Marshmallow Peeps

on April 9, 2006

With the push of a button, John Dittbrenner adds sugar, corn syrup and gelatin to a 250-gallon stainless steel kettle at the Just Born Inc. candy factory in Bethlehem, Pa. (pop. 71,329). After bringing the ingredients to a boil, Dittbrenner pours vanilla flavoring into the sugary blend that’s destined to become the company’s trademark confection, Marshmallow Peeps.

Once the batch cools, it’s machine-whipped to a fluffy froth and squeezed through tubes onto a large sugarcoated conveyor belt, forming legions of plump, white marshmallow chicks with curlicues for beaks and tails. The newborn Peeps then ride through a wind tunnel that coats the sticky chicks with a sparkling veneer of pink, lavender, blue, white or yellow sugar before they are packaged and shipped to stores around the nation and world.

The cute fluffy critters have become essential items in Easter baskets for more than half a century. "It makes me feel good that so many people like them," says Dittbrenner, 70, a Just Born employee for 48 years.

Each year, Dittbrenner and five other Just Born cooks produce enough marshmallow to create 1.2 billion Peeps shaped like Easter chicks, bunnies and eggs; Halloween pumpkins, bats and ghosts; Valentine hearts, Christmas trees and snowmen. "That’s a lot of marshmallow," Dittbrenner says.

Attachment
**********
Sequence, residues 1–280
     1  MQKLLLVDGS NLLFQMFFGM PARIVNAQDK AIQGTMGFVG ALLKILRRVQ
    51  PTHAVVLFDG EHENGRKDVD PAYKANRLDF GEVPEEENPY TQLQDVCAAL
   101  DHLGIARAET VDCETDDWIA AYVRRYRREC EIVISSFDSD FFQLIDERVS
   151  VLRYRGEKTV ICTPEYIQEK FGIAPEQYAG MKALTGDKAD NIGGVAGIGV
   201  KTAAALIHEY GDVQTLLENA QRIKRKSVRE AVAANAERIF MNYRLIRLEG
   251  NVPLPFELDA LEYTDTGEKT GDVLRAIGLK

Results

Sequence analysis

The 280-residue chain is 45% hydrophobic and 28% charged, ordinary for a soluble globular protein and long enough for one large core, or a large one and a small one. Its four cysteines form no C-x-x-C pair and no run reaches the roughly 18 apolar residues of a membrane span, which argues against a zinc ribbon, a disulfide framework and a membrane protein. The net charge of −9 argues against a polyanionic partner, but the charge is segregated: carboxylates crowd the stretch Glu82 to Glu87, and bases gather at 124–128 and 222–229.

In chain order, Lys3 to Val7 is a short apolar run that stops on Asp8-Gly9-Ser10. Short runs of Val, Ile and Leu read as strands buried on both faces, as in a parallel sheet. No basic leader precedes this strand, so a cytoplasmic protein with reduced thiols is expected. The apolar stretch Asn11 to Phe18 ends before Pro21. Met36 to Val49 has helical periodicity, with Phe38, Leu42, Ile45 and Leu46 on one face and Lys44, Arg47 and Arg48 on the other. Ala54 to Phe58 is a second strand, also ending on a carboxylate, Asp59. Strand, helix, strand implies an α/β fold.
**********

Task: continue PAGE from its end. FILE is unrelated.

Peeps’ familiar, innocent expressions are what give them such broad appeal, says company spokesman Matthew Petronio. The simple, cute, lovable Peeps transcend language and culture, allowing them to be interpreted in a very personal way. "It’s the magic of Peeps," Petronio adds.

When Peeps are in production, armies of the puffy, sweet-smelling candies ride assembly lines day and night at the 500,000-square-foot plant, home to Just Born since 1932. That’s when Sam Born, who founded the company in 1923, moved his operation from Brooklyn, N.Y. By then his brothers-in-law, Irv and Jack Shaffer, had joined the family business.

Early on, Born touted his product’s freshness with the slogan "just born."

Before 1953, the Rodda Candy Co. of Lancaster, Pa., made its own version of winged Peeps chicks by hand-squeezing marshmallow through a pastry tube. They even painted the eyes on by hand. After cousins Bob Born and Jack Shaffer, sons of Sam Born and Jack Shaffer Sr., acquired Rodda, the process was automated and the chicks’ wings were eliminated, streamlining the production process and the chicks’ contours.

Today, Sam Born’s grandson, Ross, runs the 600-employee company with his cousin, David Shaffer. In 2002, they hired Samuel L. Torrence as president and chief operating officer, the company’s first non-family top executive.

"The Born legacy is a legacy of invention," Torrence says, noting that Sam Born’s inventions included chocolate sprinkles and a machine that inserted sticks into lollipops.

Not all innovation comes from the top, however. A few years ago, employee Melody Klotz suggested a way to keep marshmallow residue from clogging the company’s new candy-packing machine. The solution: putting cheesecloth over the machine’s vacuum tubes.

Thanks to Klotz, marshmallow goo no longer interrupts the candy-packing process, and now she operates the machine that picks up the Peeps and plops them inside shallow boxes bound for stores around the world.

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Found in: Traditions